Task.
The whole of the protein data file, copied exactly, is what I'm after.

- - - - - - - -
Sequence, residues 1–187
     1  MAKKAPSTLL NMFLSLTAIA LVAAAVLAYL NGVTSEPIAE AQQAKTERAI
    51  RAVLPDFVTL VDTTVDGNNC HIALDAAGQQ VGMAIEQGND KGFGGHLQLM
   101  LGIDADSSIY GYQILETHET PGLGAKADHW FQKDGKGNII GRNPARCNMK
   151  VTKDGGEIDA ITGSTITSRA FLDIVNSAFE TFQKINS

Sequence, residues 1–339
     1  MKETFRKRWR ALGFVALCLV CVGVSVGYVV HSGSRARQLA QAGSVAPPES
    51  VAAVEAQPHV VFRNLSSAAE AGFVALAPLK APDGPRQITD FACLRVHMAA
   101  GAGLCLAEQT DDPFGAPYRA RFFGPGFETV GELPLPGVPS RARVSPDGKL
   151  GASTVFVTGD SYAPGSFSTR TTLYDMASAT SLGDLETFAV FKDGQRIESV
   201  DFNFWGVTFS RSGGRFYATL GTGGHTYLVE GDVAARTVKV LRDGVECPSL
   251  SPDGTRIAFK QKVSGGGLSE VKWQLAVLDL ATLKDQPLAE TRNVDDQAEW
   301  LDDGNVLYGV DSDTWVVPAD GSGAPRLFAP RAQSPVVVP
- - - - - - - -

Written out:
Sequence, residues 1–187
     1  MAKKAPSTLL NMFLSLTAIA LVAAAVLAYL NGVTSEPIAE AQQAKTERAI
    51  RAVLPDFVTL VDTTVDGNNC HIALDAAGQQ VGMAIEQGND KGFGGHLQLM
   101  LGIDADSSIY GYQILETHET PGLGAKADHW FQKDGKGNII GRNPARCNMK
   151  VTKDGGEIDA ITGSTITSRA FLDIVNSAFE TFQKINS

Sequence, residues 1–339
     1  MKETFRKRWR ALGFVALCLV CVGVSVGYVV HSGSRARQLA QAGSVAPPES
    51  VAAVEAQPHV VFRNLSSAAE AGFVALAPLK APDGPRQITD FACLRVHMAA
   101  GAGLCLAEQT DDPFGAPYRA RFFGPGFETV GELPLPGVPS RARVSPDGKL
   151  GASTVFVTGD SYAPGSFSTR TTLYDMASAT SLGDLETFAV FKDGQRIESV
   201  DFNFWGVTFS RSGGRFYATL GTGGHTYLVE GDVAARTVKV LRDGVECPSL
   251  SPDGTRIAFK QKVSGGGLSE VKWQLAVLDL ATLKDQPLAE TRNVDDQAEW
   301  LDDGNVLYGV DSDTWVVPAD GSGAPRLFAP RAQSPVVVP